22:29 – 26:18 — Trey latches onto a deliberate riff which builds towards a gorgeous hose segment that would have single-handedly made this one of the elite jams of the year had it ended right then and there. No woo’s. No 30-minute barrier broken. No matter. This section of Trey-led riffing is among his most impressive playing of the entire year – in fact it’s a direct predecessor of that gorgeous, Allmans-esque jam that concludes the 10/29 “Down With Disease” – and would have been the single reason why – had the jam ended immediately after, as so many have throughout 3.0 – the “Tahoe Tweezer” would have still, at that point, been the longest jam of 3.0.

26:18 – 26:23 — This is, for all intents and purposes, the moment when the “Tahoe Tweezer” becomes THE Tahoe Tweezer. It’s all thanks to Page McConnell. He’s been following Trey’s lead for the past four minutes, and sensing – correctly – that the current theme is about to wind down, inserts the celebratory melody which, once Trey latches on at 26:24, becomes THE Tahoe Tweezer.

27:29 — The first WOO!

27:53 – 28:19 — Trey plays a riff that’s so driven, so celebratory, so deliberate, yet so thoughtless at the same time, so rooted in his purest feelings and emotions – from so deep in his heart – you can literally feel the shit-eating-grin spilling out across his face through your headphones. You can hear him realize right then and there just how big a deal this jam is. It’s not just the fact that it’s a great “Tweezer” to open a set. It’s not just the fact that this is the new longest jam of 3.0. It’s not just the fact that the band has allowed all their fears of playing deep into the unknown wash away. It’s not just the fact that the band is proving both to themselves and all their fans that they’re so locked in once again that they can play with an unending, limitless abandon, and still produce totally focused, driven, and unquestionably listenable, compositionally-sound music. It’s the fact that all these things were happening at once AND they’d latched onto a melody so contagious, so infectious, so rooted in the essential nature that has made music a communal and spiritual force for the entirety of human existence, that they’d spurred a wholly original conversation with their fans in the process. It’s the fact that if the entire goal of Phish’s entire existence – spontaneous moments of shared energy and musical brilliance resulting from carefully crafted compositions allowed to run wild – were boiled down to one moment in time, this moment would be it. That they discovered this through the peak in a “Tweezer” jam is all the more fitting.

32:46 – 35:07 — The Victory Lap. As if they even needed to keep playing following the woo’s. This is all Rock-Star-Trey here. Based loosely off the jam from “Dear Mr. Fantasy,” the band built towards one more massive peak – complete with Woo’s, because, why the fuck not at this point (???) – before coyly snaking back into “Tweezer.”

35:48 – 35:50 — Woo’s within the “Tweezer-riff” comedown. Fuck. This section is a lot like that loose and sloppy “Psycho Killer” that emerged from “AC/DC Bag: on 12/07/1997 as the denouement commenced upon Fall 1997. It’s so unserious, so ridiculous, so clear that whatever the band’s intentions were as they stepped on the stage for that night’s second set, they weren’t prepared for this. As Wax Banks said, “bag>psycho killer to open, seriously? they’re just dorking around at that point…”

36:09 – 36:47 — The final note. The final Woo. The fade. The band holds out this last note, systematically dementing it and burying it in the ground. It’s as if they don’t want to let it go. And why would they? If they only knew at that moment what this would ultimately build to…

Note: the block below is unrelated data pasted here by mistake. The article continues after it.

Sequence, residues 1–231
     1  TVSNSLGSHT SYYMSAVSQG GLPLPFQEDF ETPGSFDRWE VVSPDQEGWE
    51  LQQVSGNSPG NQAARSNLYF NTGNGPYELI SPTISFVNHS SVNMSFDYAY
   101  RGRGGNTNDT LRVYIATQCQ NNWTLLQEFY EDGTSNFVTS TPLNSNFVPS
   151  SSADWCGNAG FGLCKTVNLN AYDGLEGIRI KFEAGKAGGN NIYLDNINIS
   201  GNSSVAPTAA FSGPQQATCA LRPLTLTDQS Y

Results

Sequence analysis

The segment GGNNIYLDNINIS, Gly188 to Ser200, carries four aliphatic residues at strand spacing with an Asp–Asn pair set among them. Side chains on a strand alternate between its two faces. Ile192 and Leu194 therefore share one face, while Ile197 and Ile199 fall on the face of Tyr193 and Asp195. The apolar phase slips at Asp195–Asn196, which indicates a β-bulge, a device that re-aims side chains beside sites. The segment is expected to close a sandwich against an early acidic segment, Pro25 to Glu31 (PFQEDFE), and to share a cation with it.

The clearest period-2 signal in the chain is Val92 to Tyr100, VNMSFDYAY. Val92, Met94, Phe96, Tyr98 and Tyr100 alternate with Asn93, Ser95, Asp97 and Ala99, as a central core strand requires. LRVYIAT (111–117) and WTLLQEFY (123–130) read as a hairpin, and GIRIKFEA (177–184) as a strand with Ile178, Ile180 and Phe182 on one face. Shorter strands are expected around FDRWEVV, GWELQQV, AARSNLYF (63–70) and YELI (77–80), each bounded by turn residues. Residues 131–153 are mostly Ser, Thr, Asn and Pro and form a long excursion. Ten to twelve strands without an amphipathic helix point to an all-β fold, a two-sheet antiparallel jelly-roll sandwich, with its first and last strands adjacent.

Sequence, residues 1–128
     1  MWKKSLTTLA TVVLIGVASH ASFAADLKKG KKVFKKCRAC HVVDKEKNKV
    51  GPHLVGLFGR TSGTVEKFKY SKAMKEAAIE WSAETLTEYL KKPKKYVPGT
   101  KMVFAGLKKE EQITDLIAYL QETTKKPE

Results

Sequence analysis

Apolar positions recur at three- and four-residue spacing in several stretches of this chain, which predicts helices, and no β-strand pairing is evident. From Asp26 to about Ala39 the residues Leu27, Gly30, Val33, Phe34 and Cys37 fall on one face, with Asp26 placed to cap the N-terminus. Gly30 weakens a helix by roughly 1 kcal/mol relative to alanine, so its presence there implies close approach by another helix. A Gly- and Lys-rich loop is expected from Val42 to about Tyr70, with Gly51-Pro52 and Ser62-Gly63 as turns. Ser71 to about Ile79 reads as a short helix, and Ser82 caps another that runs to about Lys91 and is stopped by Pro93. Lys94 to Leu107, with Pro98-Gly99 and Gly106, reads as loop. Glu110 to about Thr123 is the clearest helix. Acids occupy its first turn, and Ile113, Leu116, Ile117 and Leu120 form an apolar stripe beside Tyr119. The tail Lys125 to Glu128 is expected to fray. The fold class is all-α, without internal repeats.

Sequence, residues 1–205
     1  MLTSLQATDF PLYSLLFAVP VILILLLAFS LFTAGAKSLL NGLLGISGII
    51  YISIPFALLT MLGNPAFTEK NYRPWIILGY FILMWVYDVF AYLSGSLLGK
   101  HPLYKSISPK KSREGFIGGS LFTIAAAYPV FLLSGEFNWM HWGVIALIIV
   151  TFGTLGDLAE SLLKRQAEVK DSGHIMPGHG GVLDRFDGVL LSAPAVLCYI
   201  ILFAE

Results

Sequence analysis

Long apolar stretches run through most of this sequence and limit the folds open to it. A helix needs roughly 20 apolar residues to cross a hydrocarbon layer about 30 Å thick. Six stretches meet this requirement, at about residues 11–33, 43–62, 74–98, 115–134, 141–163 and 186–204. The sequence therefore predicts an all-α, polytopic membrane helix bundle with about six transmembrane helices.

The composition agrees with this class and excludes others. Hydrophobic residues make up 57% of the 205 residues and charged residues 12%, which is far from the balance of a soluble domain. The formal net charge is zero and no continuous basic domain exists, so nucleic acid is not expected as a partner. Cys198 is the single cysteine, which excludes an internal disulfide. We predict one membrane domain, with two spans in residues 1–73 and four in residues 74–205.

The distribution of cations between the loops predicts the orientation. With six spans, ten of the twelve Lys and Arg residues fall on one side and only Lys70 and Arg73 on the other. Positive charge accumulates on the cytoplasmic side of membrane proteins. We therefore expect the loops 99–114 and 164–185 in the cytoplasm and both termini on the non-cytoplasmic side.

Is it the best jam they’ve ever played? No. But it is the most important piece of music the band has played since the 07/29/1997 “Gumbo” or the 11/17/1997 “Ghost.”

It’s that revolutionary moment where the band is clearly searching for some ambiguous sound, some indefinable goal, and unquestionably uncovers something totally new about themselves in the process. Say what you will about the after-effects of the ‘woo’s,’ what’s clear to everyone involved is that without the “Tahoe Tweezer, “none of the brilliance that emerged with such stunning ease and consistency throughout the Fall would have been possible.

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“Chalk Dust Torture” – Commerce City, Co – 08/31/2013

Just listen to the segment from 10:02 – 12:36 and try – seriously try – to resist boogieing your ass off wherever you may be. Of all the moments of musical connectivity the band found themselves in throughout the entire 2013 Summer Tour, perhaps none felt as effortless, as mechanical, as choreographed, or as pre-planned as the immediate peak jam segment out of the Set II Opening “Chalk Dust Torture” from 08/31. A year to the date after their revolutionary FUCK YOUR FACE show, a night after informing their fans that MOST SHOWS SPELL SOMETHING, Phish connected on an aggressive, set opening jam, that systematically pointed the way towards the Fall.

Listen to the aforementioned segment again. Within it you can hear the first hints of what will become known as “Fuego.” What’s more is how deftly the band is able to hook up through rhythmically induced passages of deliberate playing, the very kind that would come to define all the highs of the looming Fall Tour.

Perhaps we couldn’t fully understand it at the time. Perhaps we weren’t aware that the band really just wanted to use Dick’s 2013 as a weekend-long celebration. But it’s clear now that this “Chalk Dust” was an essential moment that separated summer from fall in the same way the Toronto “Down With Disease” separated the East Coast Run from the West. A supremely confident statement from a band at the height of their powers once again, this “Chalk Dust” proved that all the foundational setting of early Summer were more than worth the patience required. And, just like in 2012, it was “Chalk Dust” that left perhaps the most lasting legacy on another memorable weekend at Dick’s.